Automatic detention

When Sarjo first arrived in Malta five years ago, it still had a policy of automatic detention for irregular migrants and asylum seekers. As a result, Sarjo spent nine months in prison. But following policy changes in 2014, automatic detention was scrapped altogether in 2016 to comply with EU directives. Asylum seekers are now placed in institutional housing and are free to move within the country.

“[It] is good to persuade [migrants] that they have to go back home…it’s good that they contact their relatives and say, ‘Listen, don’t come to Malta because it’s terrible here,’” a senior official at the Ministry of Foreign Affairs told Oxford University researcher Cetta Mainwaring back in 2009. This kind of attitude has helped shape popular perception of migrants. Migrants and asylum seekers are widely considered a security threat amongst the general public and this is reflected in the current government’s recent attempts toallow pushbacks at sea.

Mainwaring and other researchers have pointed out that most migrants do not have the luxury of planning and choosing the path of their journey to Europe. Although Malta now has an integration policy for migrants, equality bodies warnthat socio-economic obstacles and poor social inclusion continue to take their toll on migrants and asylum seekers, who receive no help to deal with the trauma of whatever made them flee their home countries or their perilous journeys to safety.

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A recent survey of 72 migrant households conducted by the Jesuit Refugee Service and the Aditus Foundation, found that only around a quarter of heads of household are employed full-time, and the average household income in the sample was below Malta’s poverty threshold of €7,672 (approximately US$9340) per year. Almost a third could not afford to keep their home warm in winter, and a half complained of lack of space in their accommodation. Local media have reported on African migrants pushed to live in garages due to racial discrimination from landlords.

Régine Psaila, who runs the Migrant Skills Register – a non-profit job-matching service targeting African migrants – struggles to keep her spirits high.

“Today I can say that out of 30 people that we placed, we have around five still in employment. The rest left – that is the life of asylum seekers in Malta. They don’t stay very long, there is a lot of precarity.”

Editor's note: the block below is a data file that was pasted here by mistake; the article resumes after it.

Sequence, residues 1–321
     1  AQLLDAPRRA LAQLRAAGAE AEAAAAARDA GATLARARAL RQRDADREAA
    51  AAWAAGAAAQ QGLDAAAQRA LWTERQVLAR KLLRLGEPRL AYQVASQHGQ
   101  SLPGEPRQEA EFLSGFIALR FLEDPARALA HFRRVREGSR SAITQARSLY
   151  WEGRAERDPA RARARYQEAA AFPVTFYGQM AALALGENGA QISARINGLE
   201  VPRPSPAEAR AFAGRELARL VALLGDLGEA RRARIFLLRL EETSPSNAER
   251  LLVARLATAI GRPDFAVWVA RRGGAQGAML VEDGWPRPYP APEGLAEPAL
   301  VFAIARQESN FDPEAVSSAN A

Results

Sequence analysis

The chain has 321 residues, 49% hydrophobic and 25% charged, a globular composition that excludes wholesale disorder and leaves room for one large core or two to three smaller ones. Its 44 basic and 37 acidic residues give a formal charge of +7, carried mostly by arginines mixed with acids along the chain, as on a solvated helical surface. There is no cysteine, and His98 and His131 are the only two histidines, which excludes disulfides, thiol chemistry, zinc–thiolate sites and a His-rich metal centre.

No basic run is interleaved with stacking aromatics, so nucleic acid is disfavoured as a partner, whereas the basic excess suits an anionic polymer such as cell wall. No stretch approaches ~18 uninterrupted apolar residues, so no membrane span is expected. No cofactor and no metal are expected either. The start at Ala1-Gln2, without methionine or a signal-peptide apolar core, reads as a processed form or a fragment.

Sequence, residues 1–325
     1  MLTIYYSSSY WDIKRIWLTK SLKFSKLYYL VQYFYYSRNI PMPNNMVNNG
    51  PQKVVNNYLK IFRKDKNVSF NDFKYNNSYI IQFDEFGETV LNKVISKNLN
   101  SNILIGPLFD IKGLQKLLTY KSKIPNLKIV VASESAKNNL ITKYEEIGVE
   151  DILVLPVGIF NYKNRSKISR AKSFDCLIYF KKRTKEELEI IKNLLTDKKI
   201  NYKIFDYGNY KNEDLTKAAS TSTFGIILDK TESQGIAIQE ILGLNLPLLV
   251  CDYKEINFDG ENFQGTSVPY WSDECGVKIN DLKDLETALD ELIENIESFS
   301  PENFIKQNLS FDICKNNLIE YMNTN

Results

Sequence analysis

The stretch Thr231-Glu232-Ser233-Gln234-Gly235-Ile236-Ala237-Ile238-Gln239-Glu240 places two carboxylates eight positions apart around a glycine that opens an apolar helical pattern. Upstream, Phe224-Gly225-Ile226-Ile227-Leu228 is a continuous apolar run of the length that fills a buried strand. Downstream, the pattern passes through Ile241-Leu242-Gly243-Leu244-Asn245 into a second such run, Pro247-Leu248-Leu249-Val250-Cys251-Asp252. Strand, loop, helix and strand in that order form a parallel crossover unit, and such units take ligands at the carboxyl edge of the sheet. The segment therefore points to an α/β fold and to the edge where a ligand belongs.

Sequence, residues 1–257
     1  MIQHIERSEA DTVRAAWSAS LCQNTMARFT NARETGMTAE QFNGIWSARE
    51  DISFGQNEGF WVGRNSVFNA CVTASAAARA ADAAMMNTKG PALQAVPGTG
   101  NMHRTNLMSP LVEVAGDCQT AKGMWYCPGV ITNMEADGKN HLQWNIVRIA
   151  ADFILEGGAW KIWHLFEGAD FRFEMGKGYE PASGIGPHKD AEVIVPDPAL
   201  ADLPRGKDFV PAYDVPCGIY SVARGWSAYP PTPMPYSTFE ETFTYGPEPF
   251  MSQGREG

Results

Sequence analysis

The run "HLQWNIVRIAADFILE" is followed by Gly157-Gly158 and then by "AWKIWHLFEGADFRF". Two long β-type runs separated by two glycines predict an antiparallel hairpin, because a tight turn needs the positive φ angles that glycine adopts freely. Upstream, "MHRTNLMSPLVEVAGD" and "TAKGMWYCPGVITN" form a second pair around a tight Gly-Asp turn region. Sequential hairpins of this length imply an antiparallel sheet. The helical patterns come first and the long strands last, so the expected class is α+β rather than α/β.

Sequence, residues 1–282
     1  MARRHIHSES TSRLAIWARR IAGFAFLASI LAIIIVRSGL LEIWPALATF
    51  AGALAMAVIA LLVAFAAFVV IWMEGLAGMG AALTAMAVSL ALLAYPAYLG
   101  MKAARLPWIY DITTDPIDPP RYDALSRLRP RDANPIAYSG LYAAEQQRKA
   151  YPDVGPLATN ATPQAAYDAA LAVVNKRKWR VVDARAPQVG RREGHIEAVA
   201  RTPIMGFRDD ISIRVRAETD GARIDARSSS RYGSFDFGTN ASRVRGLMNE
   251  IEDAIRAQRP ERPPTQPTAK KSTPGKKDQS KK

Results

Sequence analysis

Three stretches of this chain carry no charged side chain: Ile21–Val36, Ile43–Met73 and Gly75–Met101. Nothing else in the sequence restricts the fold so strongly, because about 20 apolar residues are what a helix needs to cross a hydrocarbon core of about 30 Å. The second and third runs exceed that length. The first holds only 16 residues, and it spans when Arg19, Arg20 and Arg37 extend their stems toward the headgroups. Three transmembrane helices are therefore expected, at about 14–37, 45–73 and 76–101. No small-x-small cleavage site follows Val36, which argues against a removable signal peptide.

Her database has almost 300 hopeful applicants and numerous interested employers, but the lack of trust stands in the way on both sides.

“The employer will tell you they don’t speak the language, they don’t have skills…they don’t have job ethics, they come late, they don’t show up, you cannot rely on them. Jobseekers tell you they are not paid what they were told, or they are downgraded. One is hired as a plasterer, and told to carry stones, to do dirty jobs. They are not respected.”

Meanwhile, the government claims that over 30,000 new migrant workers from other European countries should be brought in to help the booming Maltese economy fill its labour shortages.

African men can be seen on nearly all of Malta’s mushrooming construction sites, and the tourism industry recruits women into cleaning jobs. African migrants can also be found working in agriculture, refuse collection and other low-paid, low-skilled jobs. “The little money they have, they will always set some aside [for remittances],” Psaila observes.

Sarjo uneasily contemplates whether it might be better to return home. During his time in Malta, Guinea Bissau has restored democracy, and in The Gambia where Sarjo’s family live, Yahya Jammeh’s dictatorship has fallen. But going back would not be easy either for Sarjo.

“You are in a different culture, you are in a different environment, so that alone attaches you to a system, which is totally different from where you come from. But when they deny you [the right to stay] and keep on mistreating you, finally you’re forced to retreat and go back there. But being reintegrated again with that society, it also takes time.”